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With Launch of COVID-19 Data Hub, The White House Issues A ‘Call To Action’ For AI Researchers

 
Originally published in TechCrunch, March 16, 2020

In a briefing on Monday, research leaders across tech, academia and the government joined the White House to announce an open data set full of scientific literature on the novel coronavirus. The COVID-19 Open Research Dataset, known as CORD-19, will also add relevant new research moving forward, compiling it into one centralized hub. The new data set is machine readable, making it easily parsed for machine learning purposes — a key advantage according to researchers involved in the ambitious project.

In a press conference, U.S. CTO Michael Kratsios called the new data set the “most extensive collection of machine readable coronavirus literature to date.” Kratsios characterized the project as a “call to action” for the AI community, which can employ machine learning techniques to surface unique insights in the body of data. To come up with guidance for researchers combing through the data, the National Academies of Sciences, Engineering, and Medicine collaborated with the World Health Organization to come up with “high priority” questions about the coronavirus related to genetics, incubation, treatment, symptoms and prevention.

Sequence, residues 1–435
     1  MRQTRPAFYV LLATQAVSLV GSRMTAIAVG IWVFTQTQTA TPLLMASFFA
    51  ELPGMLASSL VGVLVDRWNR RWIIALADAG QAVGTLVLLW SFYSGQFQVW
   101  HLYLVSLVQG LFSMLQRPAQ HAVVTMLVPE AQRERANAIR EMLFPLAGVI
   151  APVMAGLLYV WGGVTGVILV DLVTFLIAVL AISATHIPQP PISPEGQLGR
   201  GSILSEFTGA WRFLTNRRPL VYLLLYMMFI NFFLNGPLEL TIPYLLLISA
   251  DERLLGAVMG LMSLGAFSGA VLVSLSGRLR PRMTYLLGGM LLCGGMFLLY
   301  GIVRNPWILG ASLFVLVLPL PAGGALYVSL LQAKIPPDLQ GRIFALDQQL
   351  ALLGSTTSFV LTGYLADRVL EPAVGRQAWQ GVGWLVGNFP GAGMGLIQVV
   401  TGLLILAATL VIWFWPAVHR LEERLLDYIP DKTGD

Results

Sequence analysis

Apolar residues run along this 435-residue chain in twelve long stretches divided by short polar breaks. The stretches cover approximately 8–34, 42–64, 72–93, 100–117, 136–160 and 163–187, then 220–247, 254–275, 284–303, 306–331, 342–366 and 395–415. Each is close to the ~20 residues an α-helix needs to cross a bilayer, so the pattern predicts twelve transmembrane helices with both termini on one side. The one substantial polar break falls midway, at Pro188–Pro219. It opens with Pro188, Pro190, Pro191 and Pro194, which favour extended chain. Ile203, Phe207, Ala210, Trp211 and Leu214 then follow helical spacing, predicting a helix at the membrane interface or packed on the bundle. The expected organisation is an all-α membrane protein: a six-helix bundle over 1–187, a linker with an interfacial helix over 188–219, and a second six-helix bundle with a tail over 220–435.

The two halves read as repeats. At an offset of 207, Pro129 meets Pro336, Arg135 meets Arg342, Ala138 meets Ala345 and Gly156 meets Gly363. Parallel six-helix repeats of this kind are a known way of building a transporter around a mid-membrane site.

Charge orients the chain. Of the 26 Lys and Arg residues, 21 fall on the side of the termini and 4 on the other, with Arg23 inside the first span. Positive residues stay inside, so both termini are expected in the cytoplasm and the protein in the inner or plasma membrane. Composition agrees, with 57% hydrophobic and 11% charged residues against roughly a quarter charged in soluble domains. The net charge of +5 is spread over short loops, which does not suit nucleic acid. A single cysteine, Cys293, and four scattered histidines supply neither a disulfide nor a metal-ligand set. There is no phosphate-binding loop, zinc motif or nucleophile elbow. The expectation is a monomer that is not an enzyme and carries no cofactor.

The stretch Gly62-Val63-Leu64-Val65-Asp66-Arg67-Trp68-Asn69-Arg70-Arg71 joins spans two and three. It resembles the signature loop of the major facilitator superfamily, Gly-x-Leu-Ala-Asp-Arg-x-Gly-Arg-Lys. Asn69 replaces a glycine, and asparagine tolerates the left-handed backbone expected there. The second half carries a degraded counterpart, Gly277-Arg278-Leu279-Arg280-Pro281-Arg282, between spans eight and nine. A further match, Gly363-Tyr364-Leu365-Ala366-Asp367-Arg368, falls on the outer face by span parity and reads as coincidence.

The partnership, announced today by the White House Office of Science and Technology Policy, brings together the Chan Zuckerberg Initiative, Microsoft Research, the Allen Institute for Artificial Intelligence, the National Institutes of Health’s National Library of Medicine, Georgetown University’s Center for Security and Emerging Technology, Cold Spring Harbor Laboratory and the Kaggle AI platform, owned by Google.

The database brings together nearly 30,000 scientific articles about the virus known as SARS-CoV-2. as well as related viruses in the broader coronavirus group. Around half of those articles make the full text available. Critically, the database will include pre-publication research from resources like medRxiv and bioRxiv, open access archives for pre-print health sciences and biology research.

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